An element \(m\in M\) is a torsion element if there exists a nonzero \(r\in R\) such that \(rm = 0_M\). A module \(M\) is torsionfree if and only if for every \(x\in M\), \(mx = 0_M \implies m=0_M\), i.e. \(M\) has no nonzero torsion elements. Equivalently, defining \(M_t \coloneqq\left\{{ m\in M {~\mathrel{\Big\vert}~}\exists r\in R, rm = 0_M }\right\}\) as the set of all torsion elements, \(M\) is torsion free iff \(M_t = 0\). If \(M_t = M\), we say \(M\) is a torsion module.
For \(R\) an integral domain, any finitely generated free \(R{\hbox{}}\)module \(M\) is torsionfree.
 If \(M\) is finitely generated, write \(M = \left\langle{X}\right\rangle\) with \(X\coloneqq\left\{{x_1, \cdots, x_m}\right\}\) and \({\sharp}X<\infty\) a finite generating set.
 Since \(M\) is free, there is some maximal subset of generators \({\mathcal{B}}\coloneqq\left\{{x_1, \cdots, x_n}\right\} \subseteq X\) where \(n\leq m\) that is linearly independent.
 Consider \(N\leq M\) defined by \(\left\langle{{\mathcal{B}}}\right\rangle\); this is a basis for \(N\) and makes \(N\) free. The claim is now that \(M\cong N\), so that any maximal linearly independent subset of generators is all of \(X\).
 If \(N \not\cong M\), set \({\mathcal{B}}^c \coloneqq X\setminus{\mathcal{B}}= \left\{{x_{n+1}, \cdots, x_m}\right\}\) to be all generators for \(M\) that the basis \({\mathcal{B}}\) misses.
 Then \({\mathcal{B}}^c \cup\left\{{x_{j}}\right\}\) for any \(n+1\leq j \leq m\) has a linear dependence, and \(r_j x_j + \sum_{k=1}^n r_n x_n = 0\) for some \(r_j\neq 0\) implies \(r_j x_j =  \sum_{k=1}^n r_n x_n\).
 Let \(r\) be the product of all of the scalars obtained this way, so \(r = \prod_{k=n+1}^m r_j\), and consider the submodule \(rX \leq N \leq M\). We get \(rM \leq N \leq M\) since \(X\) is a generating set for \(M\), so it now suffices to show \(rM \cong M\).
 Just define a map \(\phi_r: M\twoheadrightarrow rM\) where \(m\mapsto rm\), and note \(\ker \phi_r =\left\{{ m\in M {~\mathrel{\Big\vert}~}rm = 0}\right\} = 0\) since \(M\) is torsionfree. So \(M = M/\ker \phi_r \cong rM\).
\({\mathbf{Q}}\in {}_{{\mathbf{Z}}}{\mathsf{Mod}}\) is torsionfree, but not free as a \({\mathbf{Z}}{\hbox{}}\)module. This follows because any two elements \(a/b, p/q\) are in a single ideal, since taking \(d\coloneqq\gcd(b, q)\) we have \(1/a = 1/d + \cdots 1/d\) and similarly \(p/q = 1/a + \cdots + 1/a\), so these are in \(\left\langle{ 1/d }\right\rangle\). So any basis has size one, which would mean \({\mathbf{Q}}= \left\{{ \pm 1/d, \pm 2/d, \cdots }\right\}\) which in particular doesn’t include the average of the first two terms.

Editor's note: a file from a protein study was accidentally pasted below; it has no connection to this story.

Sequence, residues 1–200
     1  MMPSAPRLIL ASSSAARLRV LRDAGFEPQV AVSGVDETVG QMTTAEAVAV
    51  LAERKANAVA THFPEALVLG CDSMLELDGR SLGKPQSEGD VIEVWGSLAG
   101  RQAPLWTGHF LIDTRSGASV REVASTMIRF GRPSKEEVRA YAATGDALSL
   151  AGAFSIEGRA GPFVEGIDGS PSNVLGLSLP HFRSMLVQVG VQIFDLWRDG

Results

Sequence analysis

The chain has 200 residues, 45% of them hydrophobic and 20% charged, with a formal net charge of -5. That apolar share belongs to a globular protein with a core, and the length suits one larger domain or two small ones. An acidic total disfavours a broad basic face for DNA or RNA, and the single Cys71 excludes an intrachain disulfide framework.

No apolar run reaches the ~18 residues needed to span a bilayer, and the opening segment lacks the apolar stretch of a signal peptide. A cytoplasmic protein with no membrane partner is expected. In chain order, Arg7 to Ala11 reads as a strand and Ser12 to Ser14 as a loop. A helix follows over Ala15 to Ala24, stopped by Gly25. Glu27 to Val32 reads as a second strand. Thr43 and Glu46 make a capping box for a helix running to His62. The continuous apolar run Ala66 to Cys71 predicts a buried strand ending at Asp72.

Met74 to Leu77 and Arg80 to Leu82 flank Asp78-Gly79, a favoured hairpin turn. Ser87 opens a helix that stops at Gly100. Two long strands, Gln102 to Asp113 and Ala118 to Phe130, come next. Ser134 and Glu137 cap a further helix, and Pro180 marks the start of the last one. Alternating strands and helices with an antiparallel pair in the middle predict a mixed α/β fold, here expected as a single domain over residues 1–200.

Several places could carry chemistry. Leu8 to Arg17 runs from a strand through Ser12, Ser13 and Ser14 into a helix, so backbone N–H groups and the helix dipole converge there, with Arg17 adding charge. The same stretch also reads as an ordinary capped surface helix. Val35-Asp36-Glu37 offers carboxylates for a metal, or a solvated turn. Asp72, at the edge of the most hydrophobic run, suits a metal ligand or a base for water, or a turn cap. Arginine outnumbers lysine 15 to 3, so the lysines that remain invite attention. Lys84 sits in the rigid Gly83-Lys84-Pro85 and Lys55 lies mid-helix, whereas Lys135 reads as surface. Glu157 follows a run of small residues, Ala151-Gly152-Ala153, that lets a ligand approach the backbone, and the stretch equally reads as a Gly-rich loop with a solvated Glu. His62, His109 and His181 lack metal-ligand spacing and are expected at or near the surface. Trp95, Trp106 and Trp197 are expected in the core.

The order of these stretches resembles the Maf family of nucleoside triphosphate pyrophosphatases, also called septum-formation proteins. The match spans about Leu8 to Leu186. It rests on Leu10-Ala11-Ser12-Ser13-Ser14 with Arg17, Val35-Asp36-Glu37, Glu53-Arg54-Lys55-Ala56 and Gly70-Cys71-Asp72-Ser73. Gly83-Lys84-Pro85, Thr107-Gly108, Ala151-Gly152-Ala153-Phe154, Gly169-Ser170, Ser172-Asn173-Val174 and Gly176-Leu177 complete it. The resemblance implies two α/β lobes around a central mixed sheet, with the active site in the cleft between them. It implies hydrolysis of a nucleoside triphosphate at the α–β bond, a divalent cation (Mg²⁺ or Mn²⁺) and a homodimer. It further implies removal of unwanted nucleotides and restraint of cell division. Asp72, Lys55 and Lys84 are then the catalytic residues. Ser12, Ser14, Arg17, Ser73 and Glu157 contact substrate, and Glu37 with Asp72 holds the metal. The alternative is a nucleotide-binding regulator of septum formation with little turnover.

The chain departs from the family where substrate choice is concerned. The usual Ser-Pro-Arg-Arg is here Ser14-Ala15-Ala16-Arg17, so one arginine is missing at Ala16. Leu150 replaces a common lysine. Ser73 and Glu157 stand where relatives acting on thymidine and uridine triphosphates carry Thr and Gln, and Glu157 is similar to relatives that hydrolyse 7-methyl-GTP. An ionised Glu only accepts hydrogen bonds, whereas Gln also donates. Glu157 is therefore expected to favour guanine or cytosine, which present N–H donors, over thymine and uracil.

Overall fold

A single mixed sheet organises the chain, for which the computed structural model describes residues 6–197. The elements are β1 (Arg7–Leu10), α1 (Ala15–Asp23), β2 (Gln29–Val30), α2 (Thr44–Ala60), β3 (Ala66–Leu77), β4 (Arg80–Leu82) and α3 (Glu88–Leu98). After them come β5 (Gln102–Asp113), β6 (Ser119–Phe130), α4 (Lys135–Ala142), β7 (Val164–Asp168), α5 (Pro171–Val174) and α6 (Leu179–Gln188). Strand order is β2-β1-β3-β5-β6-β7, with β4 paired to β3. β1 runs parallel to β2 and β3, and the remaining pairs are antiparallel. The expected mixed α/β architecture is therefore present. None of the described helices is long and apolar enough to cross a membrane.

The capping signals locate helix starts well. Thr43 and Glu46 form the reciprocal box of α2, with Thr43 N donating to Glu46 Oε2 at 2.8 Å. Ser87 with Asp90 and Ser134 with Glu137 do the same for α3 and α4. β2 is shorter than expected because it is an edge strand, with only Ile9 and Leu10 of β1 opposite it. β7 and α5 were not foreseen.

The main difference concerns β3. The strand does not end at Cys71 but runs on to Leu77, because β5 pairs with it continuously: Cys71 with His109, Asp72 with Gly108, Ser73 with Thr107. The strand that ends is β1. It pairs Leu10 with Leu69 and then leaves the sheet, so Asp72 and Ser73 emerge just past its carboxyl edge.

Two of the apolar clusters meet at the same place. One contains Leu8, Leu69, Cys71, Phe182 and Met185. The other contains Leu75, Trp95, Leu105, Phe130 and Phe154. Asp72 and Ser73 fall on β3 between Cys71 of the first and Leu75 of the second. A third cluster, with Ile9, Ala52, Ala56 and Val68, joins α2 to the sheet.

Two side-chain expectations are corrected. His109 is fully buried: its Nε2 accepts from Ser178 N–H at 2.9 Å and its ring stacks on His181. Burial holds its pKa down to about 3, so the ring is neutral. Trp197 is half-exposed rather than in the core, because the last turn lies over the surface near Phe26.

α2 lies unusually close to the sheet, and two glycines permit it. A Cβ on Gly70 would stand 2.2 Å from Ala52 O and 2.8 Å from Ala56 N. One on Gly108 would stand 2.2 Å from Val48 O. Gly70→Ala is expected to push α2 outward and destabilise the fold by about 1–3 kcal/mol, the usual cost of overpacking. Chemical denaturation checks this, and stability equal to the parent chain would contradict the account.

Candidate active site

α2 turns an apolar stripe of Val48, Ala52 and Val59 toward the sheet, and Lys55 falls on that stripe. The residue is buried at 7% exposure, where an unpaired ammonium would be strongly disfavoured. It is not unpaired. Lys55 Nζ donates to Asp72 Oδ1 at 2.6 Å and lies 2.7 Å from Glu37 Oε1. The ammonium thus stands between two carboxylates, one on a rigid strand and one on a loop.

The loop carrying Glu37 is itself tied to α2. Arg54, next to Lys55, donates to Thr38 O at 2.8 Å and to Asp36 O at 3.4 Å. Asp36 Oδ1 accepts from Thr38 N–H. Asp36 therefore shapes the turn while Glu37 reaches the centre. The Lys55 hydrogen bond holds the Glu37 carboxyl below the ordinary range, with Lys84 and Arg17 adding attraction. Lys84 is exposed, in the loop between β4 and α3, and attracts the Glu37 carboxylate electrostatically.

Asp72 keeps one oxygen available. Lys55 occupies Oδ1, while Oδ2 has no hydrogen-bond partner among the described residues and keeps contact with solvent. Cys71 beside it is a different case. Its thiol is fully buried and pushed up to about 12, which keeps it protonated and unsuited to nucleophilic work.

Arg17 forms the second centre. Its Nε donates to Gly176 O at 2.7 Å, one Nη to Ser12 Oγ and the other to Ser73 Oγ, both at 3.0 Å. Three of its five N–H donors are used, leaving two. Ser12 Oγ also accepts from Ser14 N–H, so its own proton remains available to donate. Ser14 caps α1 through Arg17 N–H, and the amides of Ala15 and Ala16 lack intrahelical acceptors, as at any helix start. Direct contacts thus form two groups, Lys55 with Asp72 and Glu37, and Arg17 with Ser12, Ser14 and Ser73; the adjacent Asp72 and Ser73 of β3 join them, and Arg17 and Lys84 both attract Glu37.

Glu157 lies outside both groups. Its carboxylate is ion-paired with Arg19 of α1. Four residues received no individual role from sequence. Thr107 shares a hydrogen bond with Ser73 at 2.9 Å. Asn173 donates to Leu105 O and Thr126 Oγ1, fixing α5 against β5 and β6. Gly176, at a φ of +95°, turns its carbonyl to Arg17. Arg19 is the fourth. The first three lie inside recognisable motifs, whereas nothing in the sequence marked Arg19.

A module \(P\) is projective iff it satisfies any of the following conditions:
 A universal property: for every surjective \(N \xrightarrow{g} M\) and \(P \xrightarrow{f} M\), the following lift exists:

Direct summand:
\(P\) is a direct summand of a free module \(F\), so \(F = P \oplus T\) for some module \(T\leq F\).

Splitting:
For every SES \(0\to A\to B\to P\to 0\), there is a right section \(P\to B\) such that \(P\to B\to P = \operatorname{id}_P\).
Note that this implies \(B\cong \operatorname{im}(P\to B) \oplus \ker(B\to P)\).

Exactness:
The (always leftexact) covariant hom functor \(\mathop{\mathrm{Hom}}(P, {})\) is rightexact.
There is a nice way to remember the right diagrams for injective and projective modules. The slogan is that morphisms out of a projective module can be pulled back through epimorphisms/surjections, and morphisms into an injective module can be pushed forward through monomorphisms/injections.
Any free \(M\in {}_{R}{\mathsf{Mod}}\) is projective.
 Let \(M\) be free, so that the universal property gives us this diagram:
 To show \(M\) is projective, we need to produce a lift in the following diagram, where \(B, C\) are arbitrary:
 It suffices to produce a map \(\mathcal{B}\to B\), since the universal property then provides \(M\to B\). Here’s the schematic:
 Here we write \({\mathcal{B}}\coloneqq\left\{{e_i}\right\}\), included into \(M\), and mapped by \(f\) to \(C\). Then use surjectivity to choose preimages in \(B\) under \(g\) arbitrarily, and this defines a morphism \({\mathcal{B}}\to B\).
Let \(R_1, R_2\) be two nontrivial rings and set \(R \coloneqq R_1 \oplus R_2\). Then \(R_1, R_2\) are projective \(R{\hbox{}}\)modules by construction, but each factor contains \(R{\hbox{}}\)torsion: setting \(e \coloneqq(0, 1) \in R\) we have \(e \curvearrowright R_1 = 0_{R_1}\). Since free implies torsionfree, \(R_1\) can not be a free \(R{\hbox{}}\)module.